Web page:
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Maximite Microcomputer is a Microchip PIC32 microcontroller-based microcomputer. Originally designed as a hobby kit, the Maximite was introduced in a three-part article in Silicon Chip magazine in autumn of 2011 by Australian designer Geoff Graham.[1] The project consists of two main components — a main circuit board and the MMBasic Interpreter, styled after GW-BASIC.


Maximite version 2.7 is still an open source project. Several hobbyists have produced their own custom versions, often using commercially available prototyping circuit boards.


Several Maximite clones were designed and released in the months following its introduction. Some, such as the Maximite SM1,[2] and Geoff Graham's latest version,[3] the Mini-Maximite, are hardware- and software-compatible with the original design, but use a different form factor.

Others, like the DuinoMite,[4] from the Bulgarian company Olimex, have altered the hardware by adding Arduino headers. This makes it easier to use hardware designed for Arduino boards, but modified firmware is needed to use this functionality. Some of these changes have been incorporated in the official version as it gets updated.

Australian Distributor Dontronics and United States programmer Ken Segler have been active in adapting the software to run on the different versions of the hardware.

Geoff Graham has also released an altered version of MMBasic [5] for the UBW32 development Board.

Maximite clones made by US producer CircuitGizmos remain compatible with the original Maximite design and include a very small CGMMSTICK1 [6] that can be used with solderless breadboards, and a Colour Maximite compatible CGCOLORMAX1.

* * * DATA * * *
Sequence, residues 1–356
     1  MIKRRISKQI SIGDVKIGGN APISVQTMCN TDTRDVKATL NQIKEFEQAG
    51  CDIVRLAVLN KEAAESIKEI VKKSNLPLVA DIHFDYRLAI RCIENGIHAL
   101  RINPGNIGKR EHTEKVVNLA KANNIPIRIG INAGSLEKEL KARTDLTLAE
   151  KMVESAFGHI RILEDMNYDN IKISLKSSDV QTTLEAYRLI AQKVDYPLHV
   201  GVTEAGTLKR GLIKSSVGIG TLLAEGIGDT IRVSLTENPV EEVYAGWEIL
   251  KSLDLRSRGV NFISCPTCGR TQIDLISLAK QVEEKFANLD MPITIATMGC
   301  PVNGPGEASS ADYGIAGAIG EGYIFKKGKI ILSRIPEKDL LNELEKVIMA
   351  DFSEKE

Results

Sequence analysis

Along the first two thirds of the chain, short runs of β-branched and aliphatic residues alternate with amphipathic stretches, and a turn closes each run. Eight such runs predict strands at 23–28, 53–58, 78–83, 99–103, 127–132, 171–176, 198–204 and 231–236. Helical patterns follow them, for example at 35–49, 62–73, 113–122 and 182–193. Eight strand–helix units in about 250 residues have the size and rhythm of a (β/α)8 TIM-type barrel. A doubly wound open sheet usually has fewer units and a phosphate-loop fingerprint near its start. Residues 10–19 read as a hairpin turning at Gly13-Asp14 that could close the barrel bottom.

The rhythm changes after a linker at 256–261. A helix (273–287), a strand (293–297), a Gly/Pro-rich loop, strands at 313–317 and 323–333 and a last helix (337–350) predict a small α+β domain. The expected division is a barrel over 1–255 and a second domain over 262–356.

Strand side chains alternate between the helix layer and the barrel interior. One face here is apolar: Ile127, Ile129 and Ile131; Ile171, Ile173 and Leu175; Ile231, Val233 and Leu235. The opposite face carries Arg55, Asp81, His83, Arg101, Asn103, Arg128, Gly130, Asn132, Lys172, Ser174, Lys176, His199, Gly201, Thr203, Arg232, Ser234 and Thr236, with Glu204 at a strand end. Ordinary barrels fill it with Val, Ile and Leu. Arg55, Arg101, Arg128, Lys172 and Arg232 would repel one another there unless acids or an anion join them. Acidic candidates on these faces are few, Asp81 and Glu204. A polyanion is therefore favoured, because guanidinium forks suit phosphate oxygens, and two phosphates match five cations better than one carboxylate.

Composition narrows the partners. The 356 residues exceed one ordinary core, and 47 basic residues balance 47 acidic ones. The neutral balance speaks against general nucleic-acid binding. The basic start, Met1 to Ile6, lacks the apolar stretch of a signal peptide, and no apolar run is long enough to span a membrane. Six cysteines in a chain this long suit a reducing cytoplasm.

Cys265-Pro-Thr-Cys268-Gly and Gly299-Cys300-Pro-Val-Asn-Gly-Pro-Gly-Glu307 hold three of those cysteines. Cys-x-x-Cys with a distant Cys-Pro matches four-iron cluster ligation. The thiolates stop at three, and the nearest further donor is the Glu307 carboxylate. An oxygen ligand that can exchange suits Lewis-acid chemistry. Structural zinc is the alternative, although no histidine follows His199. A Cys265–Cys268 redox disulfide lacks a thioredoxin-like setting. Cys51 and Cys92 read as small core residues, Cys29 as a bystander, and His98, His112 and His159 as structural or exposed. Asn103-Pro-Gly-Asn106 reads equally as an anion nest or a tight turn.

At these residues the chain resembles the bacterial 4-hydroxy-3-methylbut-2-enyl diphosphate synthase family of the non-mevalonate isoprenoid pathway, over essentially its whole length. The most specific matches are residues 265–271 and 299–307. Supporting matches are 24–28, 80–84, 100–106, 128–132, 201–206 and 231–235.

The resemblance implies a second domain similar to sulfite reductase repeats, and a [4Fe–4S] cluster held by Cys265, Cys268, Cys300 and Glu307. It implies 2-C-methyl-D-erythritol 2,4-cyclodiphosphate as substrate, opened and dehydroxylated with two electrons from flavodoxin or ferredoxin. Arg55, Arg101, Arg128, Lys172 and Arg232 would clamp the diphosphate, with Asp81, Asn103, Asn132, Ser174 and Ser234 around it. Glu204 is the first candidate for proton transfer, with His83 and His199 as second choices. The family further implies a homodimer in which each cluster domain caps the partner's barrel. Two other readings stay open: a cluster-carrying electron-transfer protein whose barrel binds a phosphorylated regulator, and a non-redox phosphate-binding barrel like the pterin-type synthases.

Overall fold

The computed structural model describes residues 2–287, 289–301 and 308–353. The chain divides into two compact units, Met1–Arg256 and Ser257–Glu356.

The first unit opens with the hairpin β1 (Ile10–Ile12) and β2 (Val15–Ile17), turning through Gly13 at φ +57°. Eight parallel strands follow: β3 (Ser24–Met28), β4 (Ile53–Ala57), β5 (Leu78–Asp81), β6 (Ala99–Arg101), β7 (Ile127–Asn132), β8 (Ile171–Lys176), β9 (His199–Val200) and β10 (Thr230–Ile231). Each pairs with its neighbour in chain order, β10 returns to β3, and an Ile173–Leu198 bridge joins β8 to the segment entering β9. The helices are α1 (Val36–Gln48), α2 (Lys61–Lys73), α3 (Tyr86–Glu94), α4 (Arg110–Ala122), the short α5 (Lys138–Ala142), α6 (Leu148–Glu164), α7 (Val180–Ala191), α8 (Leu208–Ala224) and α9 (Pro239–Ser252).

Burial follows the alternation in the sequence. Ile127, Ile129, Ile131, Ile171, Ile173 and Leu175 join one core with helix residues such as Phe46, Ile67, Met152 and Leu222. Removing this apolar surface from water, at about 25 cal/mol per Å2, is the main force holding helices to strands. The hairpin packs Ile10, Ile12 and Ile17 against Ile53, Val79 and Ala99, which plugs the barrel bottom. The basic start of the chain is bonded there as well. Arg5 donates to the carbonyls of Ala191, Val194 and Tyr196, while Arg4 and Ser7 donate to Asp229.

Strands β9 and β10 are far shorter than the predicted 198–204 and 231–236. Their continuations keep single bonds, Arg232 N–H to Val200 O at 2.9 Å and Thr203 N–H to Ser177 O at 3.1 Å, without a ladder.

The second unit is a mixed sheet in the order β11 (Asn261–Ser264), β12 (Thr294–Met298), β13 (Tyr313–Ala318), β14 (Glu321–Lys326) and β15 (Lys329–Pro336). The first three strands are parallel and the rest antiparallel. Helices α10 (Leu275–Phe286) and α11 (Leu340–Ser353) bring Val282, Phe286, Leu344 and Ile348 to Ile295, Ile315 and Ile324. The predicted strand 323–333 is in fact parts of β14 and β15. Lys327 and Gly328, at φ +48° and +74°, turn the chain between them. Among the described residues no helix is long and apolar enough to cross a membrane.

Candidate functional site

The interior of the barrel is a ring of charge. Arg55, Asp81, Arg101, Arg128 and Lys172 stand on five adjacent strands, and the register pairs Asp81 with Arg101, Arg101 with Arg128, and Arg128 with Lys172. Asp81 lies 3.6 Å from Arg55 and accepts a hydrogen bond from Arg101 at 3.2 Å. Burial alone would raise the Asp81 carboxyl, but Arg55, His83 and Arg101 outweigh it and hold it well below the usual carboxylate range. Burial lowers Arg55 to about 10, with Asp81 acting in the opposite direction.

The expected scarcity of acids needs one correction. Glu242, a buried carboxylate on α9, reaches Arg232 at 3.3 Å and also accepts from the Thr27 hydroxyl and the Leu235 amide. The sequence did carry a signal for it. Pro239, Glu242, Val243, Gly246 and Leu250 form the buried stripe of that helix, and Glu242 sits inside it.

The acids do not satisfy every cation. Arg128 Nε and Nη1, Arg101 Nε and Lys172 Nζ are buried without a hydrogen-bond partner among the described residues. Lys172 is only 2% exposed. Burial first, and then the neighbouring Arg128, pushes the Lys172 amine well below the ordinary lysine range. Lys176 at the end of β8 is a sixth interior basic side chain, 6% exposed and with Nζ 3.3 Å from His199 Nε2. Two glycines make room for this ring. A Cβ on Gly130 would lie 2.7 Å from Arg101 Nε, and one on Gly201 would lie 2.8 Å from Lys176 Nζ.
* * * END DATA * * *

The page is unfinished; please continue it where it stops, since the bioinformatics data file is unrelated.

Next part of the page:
MMBasic 3.x has support for user defined subroutines and modern Line-numberless structure. This MMBasic 3.x has been released in several versions including support for the Olimex Duinomite, UBW32 and CGMMStick variants.

While the versions of MMBasic prior to 3.x were available as free and open-source software distributed under the GNU General Public License, for the 3.x versions the license was changed to a proprietary one, with the source code available free of charge for personal use.


On 11 May 2013, an IC-style version named DTX2-4105C (later given the name "ICeemite"), entirely designed for inclusion into embedded systems was announced by the Australian company Dimitech.[7] This new revision of the original Maximite brings a real-time clock and a microSD card connector on board and fits into a PLCC-68 socket. As of the day of announcement it was the world's smallest full Maximite system. ICeemite offers custom built firmware with additional extras used in embedded systems such as multitasking and power management, but does not support colour graphics.

Colour Maximite[edit]

Color Maximite (CircuitGizmos CGCOLORMAX1) showing all of the graphics modes

A new version of the Maximite was featured in the September 2012 Issue of Silicon Chip Magazine.

New features in the Colour Maximite are.

  • 100pin Version PIC32
  • Colour VGA with eight colours (black, red, green, blue, cyan, yellow, purple and white).
  • Synthesised stereo music and sound effects.
  • Battery backed real time clock (optional).
  • Arduino compatible connector with an additional 20 I/O lines that are independent of the original 20 I/Os.
  • 2 channel PWM analog output.
  • Special commands for animated games.
  • Version 4.0 of MMBasic which has extra commands to access and utilise the additional features.

Several software and hardware projects have been utilizing the Maximite in the 12 months since it was first announced. These range from simple dataloggers to complex process controllers.


  1. ^ Silicon Chip magazine, March, April, May 2011
  2. ^ "Dontronics". Retrieved 28 March 2016.
  3. ^ Silicon Chip magazine November 2011
  4. ^ "The Back Shed: Microcontroller and PC projects". Retrieved 28 March 2016.
  5. ^ "Geoff's Projects - MMBasic for the UBW32". Retrieved 28 March 2016.
  6. ^ "CircuitGizmos". Retrieved 28 March 2016.
  7. ^ "Dimitech". Retrieved 28 March 2016.

External links[edit]